Madam Chairperson, in 2021, the Ministry of Housing and Infrastructure Development plans to spend a total of K212,966,814, for both operational and infrastructure development. This will be the second year in which the ministry will fully implement the output based budget. In 2021, the budget will support the ministry in implementing its mandate in relation to housing, public infrastructure development, including road development, and institutional strengthening through management and support services. In 2021, the budget execution of infrastructure development shall remain guided by the policy directive to focus on priority projects that are nearing completion so that those that are completed and commissioned may benefit our people, especially those in rural areas.


Madam Chairperson, to support the implementation of the decentralisation policy, the ministry shall continue with the Government’s ambitious programme of constructing infrastructure in newly created districts in order to accelerate rural development and bring public services closer to our people in rural areas. In this regard, a sum of K45 million has been allocated towards public infrastructure, including expenditure to support construction of infrastructure in the said newly created districts. The ministry has also allocated K2.9 million towards oversight and regulatory operation of the National Council for Construction (NCC) aimed at ensuring compliance to standards in the construction sector, including compliance to the subcontracting policy directive.


Madam Chairperson, in order to ease the movement of goods and our people in wetlands and mitigate the impact of flooding resulting from climate change effects, the ministry shall continue the rehabilitation and maintenance of canals in Luapula Province, the Northern Province and the Western Province.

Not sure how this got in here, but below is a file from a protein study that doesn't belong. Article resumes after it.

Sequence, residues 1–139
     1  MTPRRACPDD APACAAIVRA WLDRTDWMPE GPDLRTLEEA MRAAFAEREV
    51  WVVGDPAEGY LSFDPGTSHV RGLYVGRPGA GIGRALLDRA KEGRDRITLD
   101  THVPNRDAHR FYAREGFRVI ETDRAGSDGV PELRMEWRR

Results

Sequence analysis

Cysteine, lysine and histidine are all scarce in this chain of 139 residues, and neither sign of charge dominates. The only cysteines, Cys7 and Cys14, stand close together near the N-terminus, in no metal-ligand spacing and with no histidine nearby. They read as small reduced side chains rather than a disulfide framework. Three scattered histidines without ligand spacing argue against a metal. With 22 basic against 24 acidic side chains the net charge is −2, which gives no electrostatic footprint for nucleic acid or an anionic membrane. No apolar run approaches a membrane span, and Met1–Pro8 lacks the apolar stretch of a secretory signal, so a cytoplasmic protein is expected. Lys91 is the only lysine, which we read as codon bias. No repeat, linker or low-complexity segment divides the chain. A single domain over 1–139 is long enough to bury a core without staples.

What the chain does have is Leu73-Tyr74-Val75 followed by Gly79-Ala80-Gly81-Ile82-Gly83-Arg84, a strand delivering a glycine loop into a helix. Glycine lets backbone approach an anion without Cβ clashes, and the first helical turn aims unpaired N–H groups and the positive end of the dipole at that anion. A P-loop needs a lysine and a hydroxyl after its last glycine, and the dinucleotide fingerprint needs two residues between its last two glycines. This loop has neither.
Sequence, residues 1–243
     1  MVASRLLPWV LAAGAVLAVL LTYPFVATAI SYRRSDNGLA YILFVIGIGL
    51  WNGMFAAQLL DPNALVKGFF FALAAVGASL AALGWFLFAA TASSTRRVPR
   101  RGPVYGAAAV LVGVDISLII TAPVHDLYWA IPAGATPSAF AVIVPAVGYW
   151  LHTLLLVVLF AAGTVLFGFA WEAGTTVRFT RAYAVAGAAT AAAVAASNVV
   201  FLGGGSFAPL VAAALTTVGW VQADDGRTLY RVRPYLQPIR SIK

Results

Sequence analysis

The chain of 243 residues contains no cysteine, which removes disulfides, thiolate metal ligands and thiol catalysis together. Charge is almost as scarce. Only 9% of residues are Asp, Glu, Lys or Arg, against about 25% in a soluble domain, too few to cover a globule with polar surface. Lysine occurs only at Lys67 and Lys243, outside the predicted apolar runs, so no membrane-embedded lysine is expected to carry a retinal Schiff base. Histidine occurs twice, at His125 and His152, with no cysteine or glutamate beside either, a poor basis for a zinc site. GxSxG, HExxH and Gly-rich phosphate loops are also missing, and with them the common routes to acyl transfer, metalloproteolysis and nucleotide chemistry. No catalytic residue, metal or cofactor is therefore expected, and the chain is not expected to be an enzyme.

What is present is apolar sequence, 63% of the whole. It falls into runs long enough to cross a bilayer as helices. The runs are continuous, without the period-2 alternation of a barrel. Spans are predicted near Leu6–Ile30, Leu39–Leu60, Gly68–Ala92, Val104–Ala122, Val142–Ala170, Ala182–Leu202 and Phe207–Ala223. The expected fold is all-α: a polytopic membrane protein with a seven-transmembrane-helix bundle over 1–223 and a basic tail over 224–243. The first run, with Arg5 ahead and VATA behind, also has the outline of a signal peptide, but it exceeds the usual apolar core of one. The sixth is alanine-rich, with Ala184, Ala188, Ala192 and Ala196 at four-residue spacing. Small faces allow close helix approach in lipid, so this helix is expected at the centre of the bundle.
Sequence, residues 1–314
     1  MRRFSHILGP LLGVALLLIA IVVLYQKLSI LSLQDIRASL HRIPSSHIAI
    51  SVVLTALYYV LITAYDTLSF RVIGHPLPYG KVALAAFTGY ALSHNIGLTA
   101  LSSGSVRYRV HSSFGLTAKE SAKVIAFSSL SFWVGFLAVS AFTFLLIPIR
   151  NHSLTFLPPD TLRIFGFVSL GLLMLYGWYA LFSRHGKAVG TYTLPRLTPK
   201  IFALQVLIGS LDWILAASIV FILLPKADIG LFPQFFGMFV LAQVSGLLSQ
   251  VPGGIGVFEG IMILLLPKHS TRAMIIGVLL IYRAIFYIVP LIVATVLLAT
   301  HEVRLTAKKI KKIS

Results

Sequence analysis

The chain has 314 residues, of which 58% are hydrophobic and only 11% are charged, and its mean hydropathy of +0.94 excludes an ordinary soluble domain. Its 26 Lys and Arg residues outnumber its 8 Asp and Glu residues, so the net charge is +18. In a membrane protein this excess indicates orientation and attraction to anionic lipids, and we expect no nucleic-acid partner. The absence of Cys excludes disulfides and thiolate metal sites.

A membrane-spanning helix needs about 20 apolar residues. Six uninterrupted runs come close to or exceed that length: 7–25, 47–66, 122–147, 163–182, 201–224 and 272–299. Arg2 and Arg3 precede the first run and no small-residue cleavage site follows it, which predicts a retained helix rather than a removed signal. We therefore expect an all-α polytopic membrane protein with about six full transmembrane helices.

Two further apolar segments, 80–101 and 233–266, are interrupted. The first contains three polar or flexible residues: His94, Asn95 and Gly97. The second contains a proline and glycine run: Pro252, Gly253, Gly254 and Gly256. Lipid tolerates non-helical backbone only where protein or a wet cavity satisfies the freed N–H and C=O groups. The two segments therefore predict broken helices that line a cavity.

Madam, in order to increase access to quality health and education for our people, the ministry will continue providing technical support in supervision in infrastructure projects being implemented by other line ministries. This will ensure compliance with standards and adherence to project management procedures. In the implementation of infrastructure projects, focus will be on completion of education and health projects that are in advanced stages of completion.


Madam Chairperson, in the road sector, the ministry will continue the implementation of road construction, rehabilitation and maintenance programmes to support the Government’s ambitious road upgrade programme aimed at making Zambia a land-linked country. The ministry will prioritise completion and commissioning of toll stations that are nearing completion, such as the Kebby Musokotwane Toll Station on the Zimba/Livingstone Road, which stands at 96 per cent completion, among many others.


Madam, a conducive policy legislative framework is the bedrock for effective and efficient delivery of the ministry’s mandate. In this regard, the ministry will embark on the formulation of the construction industry policy to guide the coordinated and sustainable development of critical national infrastructure. The ministry will further embark on the development of the first ever national infrastructure master plan to actualise the policy. The ministry will continue the review of critical legal frameworks, among them; the National Housing Authority Act and the Public Roads Act. The policy and legal reforms will position the ministry in delivering its mandate and support the Government’s ambitious transformative agenda for the country.


Madam, in conclusion of the 2021 budget policy statement, I wish to assure the nation of the Government’s commitment to transform the country for the benefit of all Zambians through quality infrastructure  that will spur economic activity and create jobs and business opportunities for our people. I take this opportunity to thank our people for their patience, and co-operating partners for their continued support to the infrastructure development of our country. I urge the hon. Members of this august house to support the ministry’s 2021 estimates of revenue and expenditure submitted for your favourable consideration.